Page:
Frederick J. Sheehan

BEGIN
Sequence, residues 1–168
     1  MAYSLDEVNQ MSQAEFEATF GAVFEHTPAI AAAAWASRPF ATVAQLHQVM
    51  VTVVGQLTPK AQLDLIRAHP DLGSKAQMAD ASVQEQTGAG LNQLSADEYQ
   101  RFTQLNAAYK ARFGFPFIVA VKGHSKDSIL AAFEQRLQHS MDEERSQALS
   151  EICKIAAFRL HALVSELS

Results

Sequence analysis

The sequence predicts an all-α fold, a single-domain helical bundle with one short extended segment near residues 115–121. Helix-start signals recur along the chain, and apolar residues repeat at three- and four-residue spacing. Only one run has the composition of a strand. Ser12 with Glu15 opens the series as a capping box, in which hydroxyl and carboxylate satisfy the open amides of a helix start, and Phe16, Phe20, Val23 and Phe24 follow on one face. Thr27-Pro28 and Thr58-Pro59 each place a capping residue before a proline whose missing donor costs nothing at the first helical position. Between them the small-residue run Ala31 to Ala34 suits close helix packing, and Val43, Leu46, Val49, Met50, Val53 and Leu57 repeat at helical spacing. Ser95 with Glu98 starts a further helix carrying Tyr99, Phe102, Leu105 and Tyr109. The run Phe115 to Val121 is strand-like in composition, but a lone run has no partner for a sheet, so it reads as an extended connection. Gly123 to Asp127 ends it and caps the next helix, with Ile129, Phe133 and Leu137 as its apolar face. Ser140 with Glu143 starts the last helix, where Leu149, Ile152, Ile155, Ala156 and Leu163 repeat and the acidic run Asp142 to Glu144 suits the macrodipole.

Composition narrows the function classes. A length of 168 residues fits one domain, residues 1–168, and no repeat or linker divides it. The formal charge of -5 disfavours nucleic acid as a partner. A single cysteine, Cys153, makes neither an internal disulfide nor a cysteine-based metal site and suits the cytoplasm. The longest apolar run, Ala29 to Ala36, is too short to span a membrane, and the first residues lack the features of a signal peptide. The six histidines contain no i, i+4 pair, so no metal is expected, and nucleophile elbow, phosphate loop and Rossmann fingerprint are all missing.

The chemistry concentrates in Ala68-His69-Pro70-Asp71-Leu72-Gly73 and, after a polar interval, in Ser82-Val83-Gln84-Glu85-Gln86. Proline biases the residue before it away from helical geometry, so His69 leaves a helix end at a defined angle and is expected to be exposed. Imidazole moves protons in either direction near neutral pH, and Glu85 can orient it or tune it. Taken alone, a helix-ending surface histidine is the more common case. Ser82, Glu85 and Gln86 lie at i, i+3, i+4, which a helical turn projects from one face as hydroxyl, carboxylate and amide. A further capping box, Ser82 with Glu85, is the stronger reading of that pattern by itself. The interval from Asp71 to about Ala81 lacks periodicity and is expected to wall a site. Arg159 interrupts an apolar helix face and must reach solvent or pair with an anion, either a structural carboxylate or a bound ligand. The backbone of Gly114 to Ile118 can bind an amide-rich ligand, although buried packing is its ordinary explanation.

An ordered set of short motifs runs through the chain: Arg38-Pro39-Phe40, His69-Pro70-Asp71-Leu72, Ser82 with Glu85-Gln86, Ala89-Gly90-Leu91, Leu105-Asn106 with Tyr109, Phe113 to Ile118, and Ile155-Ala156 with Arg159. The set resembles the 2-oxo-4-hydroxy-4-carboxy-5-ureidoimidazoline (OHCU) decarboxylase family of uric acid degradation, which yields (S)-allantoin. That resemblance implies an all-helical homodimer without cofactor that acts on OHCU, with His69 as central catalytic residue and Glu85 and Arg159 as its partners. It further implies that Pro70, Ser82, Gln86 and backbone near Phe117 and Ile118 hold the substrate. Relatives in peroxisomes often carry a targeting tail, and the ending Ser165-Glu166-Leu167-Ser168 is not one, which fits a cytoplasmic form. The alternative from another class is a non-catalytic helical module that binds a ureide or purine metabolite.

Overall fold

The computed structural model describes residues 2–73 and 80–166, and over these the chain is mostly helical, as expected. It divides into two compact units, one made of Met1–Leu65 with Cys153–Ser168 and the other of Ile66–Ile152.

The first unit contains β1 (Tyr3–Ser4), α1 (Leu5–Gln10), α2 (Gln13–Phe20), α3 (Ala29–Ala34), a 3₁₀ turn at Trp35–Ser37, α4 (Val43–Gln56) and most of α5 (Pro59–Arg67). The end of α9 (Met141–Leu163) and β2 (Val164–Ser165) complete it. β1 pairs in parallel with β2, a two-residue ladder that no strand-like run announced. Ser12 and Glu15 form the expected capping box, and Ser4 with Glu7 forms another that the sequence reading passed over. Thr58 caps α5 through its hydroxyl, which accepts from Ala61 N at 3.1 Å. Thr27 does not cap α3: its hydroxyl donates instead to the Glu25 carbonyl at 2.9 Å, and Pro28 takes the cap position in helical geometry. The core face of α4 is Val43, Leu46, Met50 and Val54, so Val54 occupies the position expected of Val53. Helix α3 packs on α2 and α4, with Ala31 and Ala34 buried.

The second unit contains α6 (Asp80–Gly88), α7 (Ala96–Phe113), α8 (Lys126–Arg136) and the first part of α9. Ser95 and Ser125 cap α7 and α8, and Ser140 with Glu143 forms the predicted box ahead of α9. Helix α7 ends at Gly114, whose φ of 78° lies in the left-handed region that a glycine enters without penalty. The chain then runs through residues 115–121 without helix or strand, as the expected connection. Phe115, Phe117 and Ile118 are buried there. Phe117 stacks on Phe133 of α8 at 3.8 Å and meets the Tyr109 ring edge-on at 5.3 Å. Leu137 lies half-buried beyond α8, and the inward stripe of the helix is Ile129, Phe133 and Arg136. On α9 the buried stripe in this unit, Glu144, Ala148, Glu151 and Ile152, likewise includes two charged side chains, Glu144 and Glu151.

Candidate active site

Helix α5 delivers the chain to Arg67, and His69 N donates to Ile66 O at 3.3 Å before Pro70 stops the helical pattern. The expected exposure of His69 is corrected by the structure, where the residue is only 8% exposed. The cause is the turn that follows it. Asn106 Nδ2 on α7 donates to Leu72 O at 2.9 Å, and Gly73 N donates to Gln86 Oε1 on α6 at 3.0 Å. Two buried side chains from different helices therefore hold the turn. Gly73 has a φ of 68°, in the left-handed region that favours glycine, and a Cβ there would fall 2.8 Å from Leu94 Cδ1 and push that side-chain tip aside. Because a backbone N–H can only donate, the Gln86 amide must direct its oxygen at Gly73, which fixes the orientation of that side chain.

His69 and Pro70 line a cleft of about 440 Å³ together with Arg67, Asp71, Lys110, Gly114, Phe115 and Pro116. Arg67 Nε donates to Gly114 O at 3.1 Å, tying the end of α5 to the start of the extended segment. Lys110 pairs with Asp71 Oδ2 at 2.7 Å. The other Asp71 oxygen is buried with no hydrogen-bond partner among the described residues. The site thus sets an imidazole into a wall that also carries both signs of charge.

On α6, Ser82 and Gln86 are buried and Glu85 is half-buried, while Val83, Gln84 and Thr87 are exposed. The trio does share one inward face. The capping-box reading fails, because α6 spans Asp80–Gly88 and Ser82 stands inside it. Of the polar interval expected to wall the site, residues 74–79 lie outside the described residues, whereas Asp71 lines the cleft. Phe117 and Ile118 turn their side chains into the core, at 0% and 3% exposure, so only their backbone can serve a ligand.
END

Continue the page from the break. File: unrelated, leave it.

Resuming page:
The year that ends tomorrow is regarded now, and will be considered in all future financial reminiscence, with very much mingled feelings. Even the nation-wide speculating public, which has taken its losses, and at least in outward semblance, learned its lesson, will hardly end the year without a sense of bewilderment. Barring the Wall Street money rates, everything seemed to be going well up to the middle of September. Stocks should go higher when business prosperity increases in a striking way, and trade activity, even in the usually dull midsummer months, had reached a magnitude never witnessed in that season.If prices for industrial products were not rising, profits were. The predicted increase of industrial company dividends had been realized. Few disturbing incidents had occurred in company finance, to suggest that the upward trend of earnings and dividends would not continue indefinitely. Yet this was the very moment selected by fate for a crash in Stock Exchange values quite unprecedented in history.By people more familiar with past financial history than the outside public of 1929 has shown itself to be, it might be answered that it is precisely in such an hour of seemingly impregnable prosperity that the worst of our older financial crises have occurred. The disastrous deflation of 1920 began on the markets at a time when consuming power was apparently inexhaustible, when visible evidence appeared to be at hand that supplies were inadequate to meet demand. Long after 1907 it was angrily asserted that the October panic of that year could not have been a reasonable occurrence, considering the immense activity of trade and the very large company earnings which had prevailed in the preceding nine months.The economic explanation of the seeming paradox, however, assigns the great increase of financial or industrial activity, just before the breakdown, as itself the cause for the collapse. On every occasion of the kind, abnormal stringency in the money market had warned, long before the 'panic month,' that credit was overstrained. When, in the face of that condition, activities of general trade or on the Stock Exchange were greatly increased and with them the demand for credit, the breaking-point was reachedSuch contributory influences as withdrawal of foreign capital from Wall Street, last September and in 1907, were merely incidents. On none of these occasions did either Wall Street or the banks recognize at the time how extremely bad the situation had already grown; the most energetic effort had been directed to concealing or disguising its precarious nature. But the crash, when it came, was always violent in proportion to the extent by which previous speculation had over-stepped the mark.In one respect the history of 1929 resembles that of 1920. The two years differ, in that the panicky collapse of nine years ago came in the immediate sequence to inflation of commodity values, whereas last Autumn's breakdown followed inflation of values only on the Stock Exchange. Otherwise the analogy is close. The preceding speculation had on both occasions been built on the basis of pure illusion; in each year the whole country seemed to be deluded into the notion that a new economic era had arrived, in which all old-fashioned economic axioms might be safely disregarded. In both 1929 and 1920 prices had been carried to previously unimagined heights. In both, it was insisted up to the last (even by serious businessmen), that they were destined to go vastly higher.As a quite inevitable result, the forced readjustment when it came was more sweepingly violent on each occasion than financial imagination had considered possible. Last autumn's 50 percent decline in the average price of stocks surpassed all precedent; yet the average fall of 43 percent in average prices of commodities, between the middle of 1920 and the end of 1921, was almost equally unparalleled. If it seemed, last August, that the price of General Electric, for instance, could not conceivably fall 58 per cent in three months, so it was inconceivable in May of 1920 that wheat would in the next 18 months fall 70 per cent, to less than its pre-war average price. But the reckoning in both years measured with inexorable accuracy the scope of previous excesses.